Seven minutes. Longer when he put it on before. If there was anything to worry about he would have kept it secret. But either way, even if he did put it on himself in the first place, he allowed himself the time to do it. Made the time to do it. Put the time aside to do it. He wanted those initials, that inscription, that memory, against his skin. I am going to ask him what the "S.L" stands for. If I know her name maybe I'll feel less upset. I will ask him later. I'll seduce him and then ask him: he is always more open after sex.
The smell is faint but it is there. The smell of gas.
I want to tell Ivan about the gas but I know what he'll do. He'll give me a soft sympathetic smile and take me by the shoulders and walk me to the place where the gas meter used to be by the front door; its shape still a dust shadow showing through the white paint. He'll guide me down the passageway and lead me in turn to the bedroom, the treatment room, the bathroom, the living room, the kitchen; there are no gas appliances in any of them. Hell tap the toe of his foot against the floor at the points where once gas pipes were hidden beneath.
I will be made to remember. I watched him remove all the gas pipes. I watched him roll back carpets, rugs and layers of lino. I watched him lift the floorboards. The copper gas pipes were there, oxidized and bright green against the hollow dark and the dust. He cut them out in sections with a small bright saw. He was methodical, laying the cut sections neatly in a blue canvas bag ready to take out. They made clean religious ceremonial-like sounds as they knocked against each other. I wanted to kneel down and line the pipes up so that at least one end of them would be flush. I wanted to ask him if he wouldn't mind cutting the sections to equal length.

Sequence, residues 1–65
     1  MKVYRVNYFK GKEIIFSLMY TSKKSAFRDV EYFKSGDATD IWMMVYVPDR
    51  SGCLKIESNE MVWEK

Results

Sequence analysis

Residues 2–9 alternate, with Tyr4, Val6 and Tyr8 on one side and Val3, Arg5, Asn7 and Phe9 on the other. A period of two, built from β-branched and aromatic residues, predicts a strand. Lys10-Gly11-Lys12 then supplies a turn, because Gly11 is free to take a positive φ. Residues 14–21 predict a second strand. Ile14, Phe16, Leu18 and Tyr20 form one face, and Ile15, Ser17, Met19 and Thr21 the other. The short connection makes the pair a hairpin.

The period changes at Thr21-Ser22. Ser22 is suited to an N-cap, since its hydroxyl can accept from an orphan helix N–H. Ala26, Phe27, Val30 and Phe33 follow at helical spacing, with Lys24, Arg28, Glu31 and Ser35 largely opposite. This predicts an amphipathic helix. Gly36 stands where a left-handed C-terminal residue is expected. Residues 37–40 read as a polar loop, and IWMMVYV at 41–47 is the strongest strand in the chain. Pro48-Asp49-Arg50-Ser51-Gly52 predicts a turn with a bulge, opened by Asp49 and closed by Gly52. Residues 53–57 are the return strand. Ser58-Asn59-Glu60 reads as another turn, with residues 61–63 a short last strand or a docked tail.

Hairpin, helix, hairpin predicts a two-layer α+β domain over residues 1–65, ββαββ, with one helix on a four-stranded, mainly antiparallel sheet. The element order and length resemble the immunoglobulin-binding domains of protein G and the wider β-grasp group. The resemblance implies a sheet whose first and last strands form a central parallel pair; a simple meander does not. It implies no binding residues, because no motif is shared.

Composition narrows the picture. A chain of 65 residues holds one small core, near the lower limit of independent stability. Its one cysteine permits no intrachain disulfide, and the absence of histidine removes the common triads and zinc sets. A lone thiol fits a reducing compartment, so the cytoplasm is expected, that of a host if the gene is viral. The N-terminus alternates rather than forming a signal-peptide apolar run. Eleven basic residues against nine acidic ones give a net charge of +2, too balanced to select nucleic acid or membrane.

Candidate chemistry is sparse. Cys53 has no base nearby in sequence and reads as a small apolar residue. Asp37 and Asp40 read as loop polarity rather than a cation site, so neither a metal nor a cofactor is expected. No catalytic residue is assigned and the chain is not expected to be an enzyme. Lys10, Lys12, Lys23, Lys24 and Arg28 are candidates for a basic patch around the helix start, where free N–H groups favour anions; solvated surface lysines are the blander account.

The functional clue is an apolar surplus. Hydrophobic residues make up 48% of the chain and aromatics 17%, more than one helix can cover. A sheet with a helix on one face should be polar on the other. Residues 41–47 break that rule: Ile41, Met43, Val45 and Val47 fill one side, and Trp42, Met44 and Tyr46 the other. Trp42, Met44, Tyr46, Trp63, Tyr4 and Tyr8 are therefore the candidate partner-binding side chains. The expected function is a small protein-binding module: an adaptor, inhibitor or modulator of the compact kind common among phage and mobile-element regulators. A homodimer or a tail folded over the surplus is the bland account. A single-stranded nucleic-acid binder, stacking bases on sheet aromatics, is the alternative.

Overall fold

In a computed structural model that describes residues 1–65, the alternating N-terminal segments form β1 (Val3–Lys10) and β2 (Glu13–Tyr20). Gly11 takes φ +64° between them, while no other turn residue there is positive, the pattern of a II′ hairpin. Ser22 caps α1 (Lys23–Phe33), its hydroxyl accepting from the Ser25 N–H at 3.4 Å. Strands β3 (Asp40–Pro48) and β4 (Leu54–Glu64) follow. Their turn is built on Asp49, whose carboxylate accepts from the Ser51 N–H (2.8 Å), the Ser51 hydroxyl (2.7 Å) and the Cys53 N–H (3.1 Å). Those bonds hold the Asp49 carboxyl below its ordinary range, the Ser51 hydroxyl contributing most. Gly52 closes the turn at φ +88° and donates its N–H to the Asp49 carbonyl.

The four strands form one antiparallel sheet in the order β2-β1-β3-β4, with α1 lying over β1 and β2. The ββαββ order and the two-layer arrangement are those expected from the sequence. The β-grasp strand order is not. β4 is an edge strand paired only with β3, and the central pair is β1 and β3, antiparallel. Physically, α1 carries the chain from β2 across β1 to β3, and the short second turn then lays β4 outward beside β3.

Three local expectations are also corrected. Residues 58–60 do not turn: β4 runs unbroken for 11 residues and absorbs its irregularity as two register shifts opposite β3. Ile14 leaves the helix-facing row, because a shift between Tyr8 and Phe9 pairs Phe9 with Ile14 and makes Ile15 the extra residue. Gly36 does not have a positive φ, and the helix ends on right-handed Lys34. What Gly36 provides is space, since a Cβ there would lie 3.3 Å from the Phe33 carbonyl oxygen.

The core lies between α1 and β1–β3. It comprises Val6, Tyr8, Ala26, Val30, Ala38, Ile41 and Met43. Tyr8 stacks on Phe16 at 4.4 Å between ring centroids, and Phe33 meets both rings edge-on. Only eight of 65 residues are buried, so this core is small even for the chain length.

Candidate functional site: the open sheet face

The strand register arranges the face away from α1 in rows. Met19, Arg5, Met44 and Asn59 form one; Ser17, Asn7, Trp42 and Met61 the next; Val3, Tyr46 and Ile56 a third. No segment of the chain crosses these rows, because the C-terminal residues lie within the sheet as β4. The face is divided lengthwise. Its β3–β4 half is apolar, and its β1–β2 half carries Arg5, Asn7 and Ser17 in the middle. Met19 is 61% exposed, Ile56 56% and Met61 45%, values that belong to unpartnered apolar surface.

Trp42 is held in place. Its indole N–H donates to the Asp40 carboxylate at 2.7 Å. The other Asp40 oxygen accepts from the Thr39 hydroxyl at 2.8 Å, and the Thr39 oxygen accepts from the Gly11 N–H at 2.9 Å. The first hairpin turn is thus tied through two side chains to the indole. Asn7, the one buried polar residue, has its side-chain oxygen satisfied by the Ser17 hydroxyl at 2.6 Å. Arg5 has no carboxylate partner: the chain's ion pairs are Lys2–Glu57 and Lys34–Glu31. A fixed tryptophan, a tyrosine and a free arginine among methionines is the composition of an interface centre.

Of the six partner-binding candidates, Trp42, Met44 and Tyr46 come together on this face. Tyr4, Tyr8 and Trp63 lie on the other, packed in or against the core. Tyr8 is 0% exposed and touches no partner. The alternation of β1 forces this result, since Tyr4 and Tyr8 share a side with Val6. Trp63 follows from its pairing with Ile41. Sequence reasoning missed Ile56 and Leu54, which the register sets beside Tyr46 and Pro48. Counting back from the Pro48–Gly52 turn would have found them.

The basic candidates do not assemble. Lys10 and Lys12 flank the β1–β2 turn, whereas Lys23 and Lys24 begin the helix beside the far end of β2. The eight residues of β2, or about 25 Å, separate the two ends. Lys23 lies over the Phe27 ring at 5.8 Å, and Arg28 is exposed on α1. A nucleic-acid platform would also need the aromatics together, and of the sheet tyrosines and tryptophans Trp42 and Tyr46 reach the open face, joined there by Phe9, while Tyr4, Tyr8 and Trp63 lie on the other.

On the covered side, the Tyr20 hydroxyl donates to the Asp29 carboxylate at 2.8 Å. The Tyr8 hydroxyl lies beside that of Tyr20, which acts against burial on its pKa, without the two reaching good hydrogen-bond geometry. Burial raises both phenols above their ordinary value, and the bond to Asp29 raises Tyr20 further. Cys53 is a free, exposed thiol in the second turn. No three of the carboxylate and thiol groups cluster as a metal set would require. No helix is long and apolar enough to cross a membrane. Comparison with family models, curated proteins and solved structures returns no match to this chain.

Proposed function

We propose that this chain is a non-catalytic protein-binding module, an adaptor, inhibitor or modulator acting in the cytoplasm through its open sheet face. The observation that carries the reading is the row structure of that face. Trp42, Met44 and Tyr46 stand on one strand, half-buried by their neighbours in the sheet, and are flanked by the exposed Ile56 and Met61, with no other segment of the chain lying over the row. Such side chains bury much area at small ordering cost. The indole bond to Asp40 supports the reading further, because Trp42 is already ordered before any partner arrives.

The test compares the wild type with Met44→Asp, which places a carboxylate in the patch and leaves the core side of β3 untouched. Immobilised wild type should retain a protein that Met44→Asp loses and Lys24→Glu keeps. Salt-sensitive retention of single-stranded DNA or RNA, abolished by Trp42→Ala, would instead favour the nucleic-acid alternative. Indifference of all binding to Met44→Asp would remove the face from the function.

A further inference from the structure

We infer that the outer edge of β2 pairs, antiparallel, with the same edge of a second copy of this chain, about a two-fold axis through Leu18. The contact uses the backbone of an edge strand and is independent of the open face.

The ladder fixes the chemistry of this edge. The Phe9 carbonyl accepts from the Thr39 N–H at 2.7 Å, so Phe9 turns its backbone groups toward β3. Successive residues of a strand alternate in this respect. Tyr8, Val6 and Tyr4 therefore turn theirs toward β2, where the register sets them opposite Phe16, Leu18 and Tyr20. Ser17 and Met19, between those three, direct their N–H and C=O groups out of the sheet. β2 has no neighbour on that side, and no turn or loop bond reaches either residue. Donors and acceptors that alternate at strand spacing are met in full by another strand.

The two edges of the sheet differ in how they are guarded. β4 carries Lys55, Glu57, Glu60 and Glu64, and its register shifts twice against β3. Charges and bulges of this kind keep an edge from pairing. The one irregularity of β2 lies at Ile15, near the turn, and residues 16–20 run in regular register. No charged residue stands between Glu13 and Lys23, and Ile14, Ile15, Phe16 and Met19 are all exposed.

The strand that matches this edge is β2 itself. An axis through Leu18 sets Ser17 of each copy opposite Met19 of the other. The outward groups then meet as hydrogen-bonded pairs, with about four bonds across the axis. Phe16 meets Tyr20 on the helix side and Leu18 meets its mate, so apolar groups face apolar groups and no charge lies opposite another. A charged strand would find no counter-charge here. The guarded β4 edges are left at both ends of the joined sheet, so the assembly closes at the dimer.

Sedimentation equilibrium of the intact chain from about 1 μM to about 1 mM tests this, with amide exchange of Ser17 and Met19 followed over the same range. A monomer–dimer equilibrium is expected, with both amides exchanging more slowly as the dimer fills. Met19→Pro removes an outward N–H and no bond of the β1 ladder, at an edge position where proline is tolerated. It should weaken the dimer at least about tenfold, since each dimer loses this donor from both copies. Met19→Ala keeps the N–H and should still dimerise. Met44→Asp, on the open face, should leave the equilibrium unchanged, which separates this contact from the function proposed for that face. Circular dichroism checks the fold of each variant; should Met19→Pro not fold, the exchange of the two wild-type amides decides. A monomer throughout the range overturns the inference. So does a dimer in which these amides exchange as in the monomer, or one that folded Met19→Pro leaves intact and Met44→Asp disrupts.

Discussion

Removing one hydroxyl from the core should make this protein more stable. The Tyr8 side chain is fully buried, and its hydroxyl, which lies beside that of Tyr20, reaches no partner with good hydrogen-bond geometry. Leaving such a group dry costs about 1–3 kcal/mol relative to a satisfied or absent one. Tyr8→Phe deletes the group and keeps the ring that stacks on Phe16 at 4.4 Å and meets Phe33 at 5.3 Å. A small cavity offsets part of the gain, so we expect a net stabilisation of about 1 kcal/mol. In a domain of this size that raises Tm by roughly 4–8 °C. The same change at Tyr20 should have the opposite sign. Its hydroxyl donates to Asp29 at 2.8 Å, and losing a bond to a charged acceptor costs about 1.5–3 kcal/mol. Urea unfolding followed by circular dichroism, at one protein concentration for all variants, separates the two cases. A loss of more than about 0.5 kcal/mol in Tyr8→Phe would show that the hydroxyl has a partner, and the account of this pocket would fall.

Other men had come and taken out the radiators, the boiler, the gas cooker; other men had come and installed the new electric boiler, cooker and storage heaters. Ivan had come to remove the pipes. I followed him from room to room and leant in the doorways watching him. He pushed up an imaginary sleeve before any new exertion. I liked watching the muscles working in his arms and back as he sawed. I made him cups of tea. He said he never drank coffee. "Neither do I," I said. That was our first shared smile. I liked the fact that he took no sugar in his tea.
The last room he did was the bedroom. As he put the cut pipes into the bag I knelt down and straightened them so one set of ends would be flush. He carried on without saying a word. He passed no puzzled look. He didn't even give me a sarcastic smile. After he had finished cutting all the pipes and I had finished straightening them he asked me my name. "Stella," he repeated after me. He stayed that night.
Ivan saw me sniffing the air; the give-away little bobs of my head. George follows us from room to room, weaving between our legs. If I had worn the red shoes maybe I wouldn't have smelt the gas.
He is late for work. I watch him as he puts on his jacket. The jacket is blue, municipal-looking, the logo of the company he works for in blue and red stitching on the front pocket, with a larger version emblazoned across the back. The synthetic material makes crinkling and rustling sounds as he puts his arms into the sleeves.
From Yellow by Janni Visman, pages 3-15. Copyright Janni Visman 2005. All rights reserved. Reproduced with the permission of Viking USA.
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No Man's Land
by Simon Tolkien
Inspired by the experiences of his grandfather, J. R. R. Tolkien, during World War I.
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